While this oversimplifies things a bit, those who accept ethical egoism generally claim that people are naturally inclined toward desiring “undue gain” and are not naturally inclined towards sympathy or goodwill towards others. Hobbes makes it rather clear that people are lacking in sympathy and are motivated only by the hope of gain and glory. In many ways, this view seems to cast humans as naturally exhibiting some of the key traits of psychopaths. It is no wonder, then, that Hobbes argues that people do not form society out of mutual good will or on the basis of being social beings. Rather, people form society out of selfishness and it can only be maintained by the power of the sovereign.

However, what defines the theory is not the description of humans but rather the prescriptive element. Proponents of ethical egoism endorse the claim that each person should act so as to maximize value for himself. Rand goes as far as to cast selfishness as a virtue and altruism as the height of foolishness. In a way, it could be seen that Rand is advocating that people act like psychopaths.

Of course, there are important distinction between being a psychopath and being an ethical egoist. One is that psychopaths are supposed to behave in ways that are impulsive and irresponsible. This might be because they are also characterized as failing to properly grasp the potential consequences of their actions. This seems to be a  general defect in that it applies to the consequences for others as well as for themselves This reduced ability to properly assess the risks of being doubted, caught, or punished no doubt has a significant impact on their behavior (and their chances of being exposed).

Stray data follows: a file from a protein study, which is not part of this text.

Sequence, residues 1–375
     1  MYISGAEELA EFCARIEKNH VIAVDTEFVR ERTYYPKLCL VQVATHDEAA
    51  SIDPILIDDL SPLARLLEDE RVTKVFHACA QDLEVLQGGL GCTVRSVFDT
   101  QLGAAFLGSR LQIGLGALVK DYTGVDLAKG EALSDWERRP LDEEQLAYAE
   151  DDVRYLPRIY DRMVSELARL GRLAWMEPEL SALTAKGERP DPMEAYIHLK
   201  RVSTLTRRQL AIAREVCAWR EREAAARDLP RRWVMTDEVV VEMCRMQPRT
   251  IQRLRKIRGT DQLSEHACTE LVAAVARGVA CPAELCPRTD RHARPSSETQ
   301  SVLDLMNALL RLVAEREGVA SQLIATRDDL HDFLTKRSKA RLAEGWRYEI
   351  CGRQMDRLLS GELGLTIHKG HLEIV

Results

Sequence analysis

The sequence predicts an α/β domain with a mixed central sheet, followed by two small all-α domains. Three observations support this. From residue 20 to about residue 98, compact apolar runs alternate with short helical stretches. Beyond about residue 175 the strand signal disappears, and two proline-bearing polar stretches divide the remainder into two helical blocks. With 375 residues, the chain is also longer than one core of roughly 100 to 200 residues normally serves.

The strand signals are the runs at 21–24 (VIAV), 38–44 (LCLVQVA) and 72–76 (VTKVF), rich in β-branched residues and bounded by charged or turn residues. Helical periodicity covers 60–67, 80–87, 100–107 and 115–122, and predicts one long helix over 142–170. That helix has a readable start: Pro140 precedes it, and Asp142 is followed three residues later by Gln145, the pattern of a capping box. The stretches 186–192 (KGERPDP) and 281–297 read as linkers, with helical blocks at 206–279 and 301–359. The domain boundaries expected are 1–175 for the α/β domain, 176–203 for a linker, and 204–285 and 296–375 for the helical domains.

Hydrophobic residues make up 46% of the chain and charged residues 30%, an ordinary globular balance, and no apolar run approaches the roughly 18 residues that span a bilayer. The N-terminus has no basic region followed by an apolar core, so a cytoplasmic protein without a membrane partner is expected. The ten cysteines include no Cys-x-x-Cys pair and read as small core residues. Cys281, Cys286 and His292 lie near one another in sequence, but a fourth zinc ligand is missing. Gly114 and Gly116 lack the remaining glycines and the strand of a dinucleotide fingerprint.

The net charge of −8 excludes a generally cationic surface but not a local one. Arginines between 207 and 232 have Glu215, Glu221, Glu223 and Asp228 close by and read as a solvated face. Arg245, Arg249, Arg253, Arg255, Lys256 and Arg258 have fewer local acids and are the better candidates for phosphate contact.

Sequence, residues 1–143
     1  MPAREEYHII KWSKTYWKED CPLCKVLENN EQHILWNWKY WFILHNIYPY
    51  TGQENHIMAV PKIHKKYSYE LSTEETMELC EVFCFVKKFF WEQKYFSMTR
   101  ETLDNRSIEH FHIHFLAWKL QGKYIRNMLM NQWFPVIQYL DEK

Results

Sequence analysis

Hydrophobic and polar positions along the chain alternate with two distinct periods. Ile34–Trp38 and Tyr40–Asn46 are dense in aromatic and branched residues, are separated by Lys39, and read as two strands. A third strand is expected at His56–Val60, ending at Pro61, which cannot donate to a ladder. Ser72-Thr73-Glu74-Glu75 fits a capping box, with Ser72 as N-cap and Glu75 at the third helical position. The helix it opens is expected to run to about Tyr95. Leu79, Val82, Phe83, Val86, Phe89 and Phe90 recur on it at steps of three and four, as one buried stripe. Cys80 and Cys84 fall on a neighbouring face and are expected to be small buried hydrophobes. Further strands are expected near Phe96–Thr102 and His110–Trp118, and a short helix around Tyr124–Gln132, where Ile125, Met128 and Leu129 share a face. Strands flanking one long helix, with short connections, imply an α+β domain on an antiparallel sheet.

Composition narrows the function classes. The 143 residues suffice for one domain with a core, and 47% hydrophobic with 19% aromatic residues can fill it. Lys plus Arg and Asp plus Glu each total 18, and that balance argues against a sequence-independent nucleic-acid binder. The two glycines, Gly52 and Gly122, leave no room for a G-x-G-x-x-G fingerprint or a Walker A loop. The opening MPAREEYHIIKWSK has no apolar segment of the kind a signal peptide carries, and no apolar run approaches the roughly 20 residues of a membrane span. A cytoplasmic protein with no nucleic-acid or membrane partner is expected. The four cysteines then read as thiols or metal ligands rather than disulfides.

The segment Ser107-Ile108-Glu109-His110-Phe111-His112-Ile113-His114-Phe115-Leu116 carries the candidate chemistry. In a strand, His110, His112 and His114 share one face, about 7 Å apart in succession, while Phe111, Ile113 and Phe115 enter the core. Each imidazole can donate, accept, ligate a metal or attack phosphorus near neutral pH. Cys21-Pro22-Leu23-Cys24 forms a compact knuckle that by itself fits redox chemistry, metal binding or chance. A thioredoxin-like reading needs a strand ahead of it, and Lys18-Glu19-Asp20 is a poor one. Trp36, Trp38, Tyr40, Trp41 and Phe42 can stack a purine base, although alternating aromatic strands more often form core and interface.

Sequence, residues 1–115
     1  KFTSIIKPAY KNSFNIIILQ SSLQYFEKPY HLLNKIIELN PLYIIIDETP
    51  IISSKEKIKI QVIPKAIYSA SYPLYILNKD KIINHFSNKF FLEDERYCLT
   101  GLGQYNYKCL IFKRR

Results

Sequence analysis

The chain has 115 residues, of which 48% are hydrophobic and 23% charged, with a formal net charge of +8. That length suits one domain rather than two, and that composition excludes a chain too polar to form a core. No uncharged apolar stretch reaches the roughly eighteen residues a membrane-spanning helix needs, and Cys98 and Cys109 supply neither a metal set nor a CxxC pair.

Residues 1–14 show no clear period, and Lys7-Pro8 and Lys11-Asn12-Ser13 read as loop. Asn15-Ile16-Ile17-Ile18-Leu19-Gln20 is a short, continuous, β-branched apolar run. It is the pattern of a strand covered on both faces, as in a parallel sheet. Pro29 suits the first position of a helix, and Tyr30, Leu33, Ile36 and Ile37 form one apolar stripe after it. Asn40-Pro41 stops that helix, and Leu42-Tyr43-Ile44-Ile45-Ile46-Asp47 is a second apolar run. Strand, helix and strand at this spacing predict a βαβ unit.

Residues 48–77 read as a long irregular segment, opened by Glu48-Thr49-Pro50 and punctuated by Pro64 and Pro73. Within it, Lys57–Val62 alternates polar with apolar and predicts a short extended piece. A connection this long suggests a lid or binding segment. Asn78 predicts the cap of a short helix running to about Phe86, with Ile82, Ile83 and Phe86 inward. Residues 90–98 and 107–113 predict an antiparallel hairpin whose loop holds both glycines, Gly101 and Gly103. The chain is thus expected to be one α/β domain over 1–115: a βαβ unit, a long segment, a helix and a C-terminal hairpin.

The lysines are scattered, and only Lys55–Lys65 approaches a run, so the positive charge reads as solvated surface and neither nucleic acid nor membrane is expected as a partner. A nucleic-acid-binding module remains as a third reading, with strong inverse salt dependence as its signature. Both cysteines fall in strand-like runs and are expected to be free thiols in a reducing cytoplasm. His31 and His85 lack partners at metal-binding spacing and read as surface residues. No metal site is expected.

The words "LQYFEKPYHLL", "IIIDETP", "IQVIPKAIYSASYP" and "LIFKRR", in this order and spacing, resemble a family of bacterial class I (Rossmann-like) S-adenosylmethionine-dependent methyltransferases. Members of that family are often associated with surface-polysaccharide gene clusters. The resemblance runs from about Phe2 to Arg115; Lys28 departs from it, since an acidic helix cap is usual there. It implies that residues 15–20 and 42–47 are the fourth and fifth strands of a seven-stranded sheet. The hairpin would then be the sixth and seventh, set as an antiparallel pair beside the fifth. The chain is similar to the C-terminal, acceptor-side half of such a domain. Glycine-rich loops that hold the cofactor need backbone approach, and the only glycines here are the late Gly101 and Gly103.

If Glaucon’s unjust man is taken as a role model for ethical egoism, the ethical egoist is supposed to strive to be the opposite of the pyschopath in this regard. The successful unjust man is supposed to grasp the consequences of what he does and hence acts in ways that are calculated to conceal his true nature. The unjust man is also supposed to have the impulse control needed to act in ways that make him appear to be just. It is tempting to conclude that an ethical egoist is essential a psychopath would good impulse control and a grasp of consequences. Or, put another way, that a psychopath is an ethical egoist who is not very skilled at being an ethical egoist.